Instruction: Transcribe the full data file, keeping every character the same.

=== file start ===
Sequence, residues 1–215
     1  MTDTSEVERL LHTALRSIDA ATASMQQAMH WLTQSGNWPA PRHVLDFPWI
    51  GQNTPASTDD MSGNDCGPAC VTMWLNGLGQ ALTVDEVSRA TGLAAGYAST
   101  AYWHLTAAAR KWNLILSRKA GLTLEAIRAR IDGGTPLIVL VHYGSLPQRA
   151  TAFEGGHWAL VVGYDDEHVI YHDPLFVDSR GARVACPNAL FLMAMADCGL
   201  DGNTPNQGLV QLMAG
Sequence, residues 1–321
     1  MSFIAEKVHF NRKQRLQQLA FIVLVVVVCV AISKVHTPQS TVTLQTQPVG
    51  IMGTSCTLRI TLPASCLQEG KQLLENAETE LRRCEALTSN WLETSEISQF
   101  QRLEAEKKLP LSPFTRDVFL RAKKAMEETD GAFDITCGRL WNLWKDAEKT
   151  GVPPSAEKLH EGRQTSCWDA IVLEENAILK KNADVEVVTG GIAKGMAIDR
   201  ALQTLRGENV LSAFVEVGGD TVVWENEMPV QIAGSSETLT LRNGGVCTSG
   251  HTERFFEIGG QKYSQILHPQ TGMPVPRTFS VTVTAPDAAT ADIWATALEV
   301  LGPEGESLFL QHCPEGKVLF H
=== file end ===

Sequence, residues 1–215
     1  MTDTSEVERL LHTALRSIDA ATASMQQAMH WLTQSGNWPA PRHVLDFPWI
    51  GQNTPASTDD MSGNDCGPAC VTMWLNGLGQ ALTVDEVSRA TGLAAGYAST
   101  AYWHLTAAAR KWNLILSRKA GLTLEAIRAR IDGGTPLIVL VHYGSLPQRA
   151  TAFEGGHWAL VVGYDDEHVI YHDPLFVDSR GARVACPNAL FLMAMADCGL
   201  DGNTPNQGLV QLMAG
Sequence, residues 1–321
     1  MSFIAEKVHF NRKQRLQQLA FIVLVVVVCV AISKVHTPQS TVTLQTQPVG
    51  IMGTSCTLRI TLPASCLQEG KQLLENAETE LRRCEALTSN WLETSEISQF
   101  QRLEAEKKLP LSPFTRDVFL RAKKAMEETD GAFDITCGRL WNLWKDAEKT
   151  GVPPSAEKLH EGRQTSCWDA IVLEENAILK KNADVEVVTG GIAKGMAIDR
   201  ALQTLRGENV LSAFVEVGGD TVVWENEMPV QIAGSSETLT LRNGGVCTSG
   251  HTERFFEIGG QKYSQILHPQ TGMPVPRTFS VTVTAPDAAT ADIWATALEV
   301  LGPEGESLFL QHCPEGKVLF H